Rabindranath Tagore still can mean many things to many people. His great corpus of poetry, of course, is right up there in his roster of achievements, and it is indeed as a vishwa kobi or world poet — the celebrated winner of the Nobel Prize in literature — that we best know him. But there’s much more than poetic genius that underlay Tagore’s personality.

He was a musician of boundless originality and talent, who left a lasting impact on the way melodies were composed in his time, founding a whole new genre of the classical form called Rabindra Sangeet, which you can hear reverberating even today on the streets of Calcutta. Besides this, Tagore’s work as a painter influenced generations to come — the contemporary artist Manu Parekh calls Tagore’s landscapes his biggest inspiration yet.

This much for Tagore’s contributions to the creative space. What makes the man more of an enigma was his energetic and pioneering presence in fields away from the humanities — fields like politics, philanthropy, education and social welfare. He was, for example, thinking of alternative schooling, while setting up Santiniketan, before anyone anywhere else was. And, as Samuel Berthet, a Tagore scholar who teaches at the Shiv Nadar University, tells us: Tagore had launched a collateral-free microcredit scheme for farmers in Bengal decades before the Bangladeshi activist Muhammad Yunus, another Nobel laureate, did the same to international acclaim.

Rabindranath TagoreIt’s best, then, to avoid tags like artist, activist or social entrepreneur for Tagore and simply to see  him as a highly conscientious and responsible public intellectual. Perhaps even the very first well-rounded public intellectual in the history of our country. It’s also important, when considering Tagore’s achievement of a whole lifetime, to bear in mind the different roles he could so effortlessly portray in his personal and social capacities. In Shades of Difference: Selected Writings of Rabindranath Tagore, the editor Radha Chakravarty has focussed on this multifaceted image of Tagore that is so often obscured by his world-historical reputation, by the  Tagore stereotypes that abound in university departments and publishing houses.  

“It’s very important to look beyond the stereotypes when it comes to Tagore,” said Chakravarty at the launch of her book, held this Thursday at the Institut Français en Inde  in Delhi. “He has been seen for too long in the West as a mystic and a prophet. And in India, he has been appropriated by the Bengali literary establishment, which has idolised him as a ‘gurudev’. So they have not really seen Tagore as a real person. A person who belongs to the world and not to one place; and a person who had this amazing ability to embrace the other.”

This new collection of Tagore’s writings adds to the already flourishing genre of what we may now call Tagore studies the world over. Academics and scholars already have whole rafts of published works to take into account before considering writing something of their own on Tagore. Such level of popularity in university circles has made the Bengali writer perhaps the most researched figure in Indian history, besides earning Tagore a sort of worldwide literary celebrity. But on the flipside, it has also shut off the “real” Tagore, as Chakravarty put i, from the general gaze of the lay reader.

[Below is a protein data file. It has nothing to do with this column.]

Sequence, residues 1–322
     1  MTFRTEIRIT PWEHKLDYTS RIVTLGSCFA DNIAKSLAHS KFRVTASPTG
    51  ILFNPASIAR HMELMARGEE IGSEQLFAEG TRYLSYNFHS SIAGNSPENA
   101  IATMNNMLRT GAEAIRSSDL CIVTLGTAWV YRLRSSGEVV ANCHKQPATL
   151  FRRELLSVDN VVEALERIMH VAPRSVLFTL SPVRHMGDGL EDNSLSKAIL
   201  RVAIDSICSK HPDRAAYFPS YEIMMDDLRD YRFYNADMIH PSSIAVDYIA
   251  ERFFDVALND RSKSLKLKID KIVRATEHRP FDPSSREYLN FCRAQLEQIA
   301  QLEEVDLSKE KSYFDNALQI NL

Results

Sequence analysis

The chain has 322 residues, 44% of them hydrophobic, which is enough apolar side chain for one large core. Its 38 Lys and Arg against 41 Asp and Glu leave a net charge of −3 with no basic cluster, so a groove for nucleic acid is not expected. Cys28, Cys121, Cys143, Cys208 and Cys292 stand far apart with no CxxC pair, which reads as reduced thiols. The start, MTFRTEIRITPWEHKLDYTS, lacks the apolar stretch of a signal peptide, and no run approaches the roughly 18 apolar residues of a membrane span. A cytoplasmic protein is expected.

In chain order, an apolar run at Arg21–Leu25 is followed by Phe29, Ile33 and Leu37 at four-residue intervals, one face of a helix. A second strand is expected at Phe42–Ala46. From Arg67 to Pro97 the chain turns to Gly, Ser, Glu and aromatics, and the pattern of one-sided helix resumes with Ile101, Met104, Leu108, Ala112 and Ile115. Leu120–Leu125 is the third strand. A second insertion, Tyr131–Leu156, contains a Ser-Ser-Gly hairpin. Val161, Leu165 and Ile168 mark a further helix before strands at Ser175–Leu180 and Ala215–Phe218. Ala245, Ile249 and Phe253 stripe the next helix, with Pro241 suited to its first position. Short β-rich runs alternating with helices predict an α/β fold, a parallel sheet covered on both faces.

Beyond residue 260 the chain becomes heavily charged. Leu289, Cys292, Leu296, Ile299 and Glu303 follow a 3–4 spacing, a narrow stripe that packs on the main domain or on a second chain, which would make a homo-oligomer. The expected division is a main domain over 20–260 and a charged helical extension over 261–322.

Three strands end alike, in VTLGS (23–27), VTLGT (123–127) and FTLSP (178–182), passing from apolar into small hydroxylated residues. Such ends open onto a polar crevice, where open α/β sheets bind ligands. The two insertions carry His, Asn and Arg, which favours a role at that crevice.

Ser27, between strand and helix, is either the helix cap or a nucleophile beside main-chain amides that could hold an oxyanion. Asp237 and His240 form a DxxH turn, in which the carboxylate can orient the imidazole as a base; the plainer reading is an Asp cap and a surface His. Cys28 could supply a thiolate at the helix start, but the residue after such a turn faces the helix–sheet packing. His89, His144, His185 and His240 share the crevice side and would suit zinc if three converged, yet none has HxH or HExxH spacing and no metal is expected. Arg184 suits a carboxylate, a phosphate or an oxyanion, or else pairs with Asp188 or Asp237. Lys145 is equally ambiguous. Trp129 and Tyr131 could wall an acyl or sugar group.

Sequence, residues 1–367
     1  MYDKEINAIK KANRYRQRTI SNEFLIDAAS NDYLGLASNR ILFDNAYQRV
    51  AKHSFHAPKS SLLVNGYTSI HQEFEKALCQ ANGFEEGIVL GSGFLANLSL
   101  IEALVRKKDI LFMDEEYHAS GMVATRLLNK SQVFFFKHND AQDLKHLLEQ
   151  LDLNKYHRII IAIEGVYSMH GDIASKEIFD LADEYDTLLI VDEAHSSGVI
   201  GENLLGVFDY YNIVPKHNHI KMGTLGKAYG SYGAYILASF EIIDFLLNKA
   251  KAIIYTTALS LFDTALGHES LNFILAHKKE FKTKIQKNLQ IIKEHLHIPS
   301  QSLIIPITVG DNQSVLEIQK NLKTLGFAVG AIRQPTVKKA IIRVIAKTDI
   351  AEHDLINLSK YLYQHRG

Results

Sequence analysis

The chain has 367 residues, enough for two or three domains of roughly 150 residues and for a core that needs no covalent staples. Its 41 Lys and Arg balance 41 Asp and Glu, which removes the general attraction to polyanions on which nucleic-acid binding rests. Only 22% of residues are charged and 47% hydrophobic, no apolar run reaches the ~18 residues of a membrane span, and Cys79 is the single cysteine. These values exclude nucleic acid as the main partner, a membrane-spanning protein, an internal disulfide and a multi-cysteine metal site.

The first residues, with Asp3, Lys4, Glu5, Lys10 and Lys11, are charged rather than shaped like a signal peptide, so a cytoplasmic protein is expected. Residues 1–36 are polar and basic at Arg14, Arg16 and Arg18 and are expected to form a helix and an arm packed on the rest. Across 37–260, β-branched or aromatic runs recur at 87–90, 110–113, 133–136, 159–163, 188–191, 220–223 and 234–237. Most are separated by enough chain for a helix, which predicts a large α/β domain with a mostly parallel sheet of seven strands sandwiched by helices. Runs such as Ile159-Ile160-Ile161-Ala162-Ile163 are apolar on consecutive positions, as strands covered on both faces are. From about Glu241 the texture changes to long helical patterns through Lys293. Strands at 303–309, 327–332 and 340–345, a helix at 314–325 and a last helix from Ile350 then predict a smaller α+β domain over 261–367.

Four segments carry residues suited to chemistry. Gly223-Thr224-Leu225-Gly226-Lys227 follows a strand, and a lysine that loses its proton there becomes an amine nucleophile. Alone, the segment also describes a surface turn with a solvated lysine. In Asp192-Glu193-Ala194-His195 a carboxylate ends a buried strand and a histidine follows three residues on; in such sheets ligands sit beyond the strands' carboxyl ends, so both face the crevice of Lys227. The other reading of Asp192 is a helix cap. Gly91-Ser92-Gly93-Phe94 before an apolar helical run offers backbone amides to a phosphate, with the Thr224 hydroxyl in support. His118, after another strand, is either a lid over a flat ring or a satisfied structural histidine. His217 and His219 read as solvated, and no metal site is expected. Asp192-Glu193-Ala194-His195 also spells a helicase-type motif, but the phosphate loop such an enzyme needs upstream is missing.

Shades of Difference comes across as, among other things, an attempt to recontextualise Tagore — taking him away from mere academic discourse — by presenting him as a complex thinker who was always engaged with the problems and pains of the world around him. “The world has kissed by soul with its pain,” he wrote in his 1916 poem Stray Birds, reproduced in this volume, “asking for its return in songs.”

That the book carries an accompanying DVD, with audio-visual material, paintings and music connected to Tagore, only goes to show the intent of the publishers — the very-academic sounding Social Science Press — to go beyond that niche readership of scholars and students and towards common readers looking to be introduced to the works and thoughts of Tagore.

There are snatches of Tagore’s poetry, short stories, travel writings and letters (from Russia and Persia) in this volume, as well as some of the more popular “dialogues” he held with western intellectuals like H.G. Wells and Albert Einstein on his travels abroad. “This book brings out the fact that Tagore was a person of world stature who was constantly aware of difference, of contraries both within himself and in the world around him,” Chakravarty said.

Complementing the easy-going and informal tone of the book, the launch event for Shades of Difference in Delhi was attended by, among others, the film actress Sharmila Tagore, who went on to relate some of her family anecdotes involving the great writer. “My mother had these wonderful books which were signed by Tagore,” she said. “And once, as a kid, in an attempt to show off, I took these to my school and lost them. One of them was Gora. First edition! Can you imagine?”

Every nation has its greats: England has Shakespeare and Germany Goethe. To say that India has Tagore would be of course adequate on one level, but a slight misrepresentation of truth on another. That’s because Tagore, as we were told by Chakravarty earlier, belonged not just to India but to the world, just as much as the world belonged to him. In Shades of Difference we get to see those elements of a true cosmopolitanism that we ought to identify as integral to our greatest public intellectual.  

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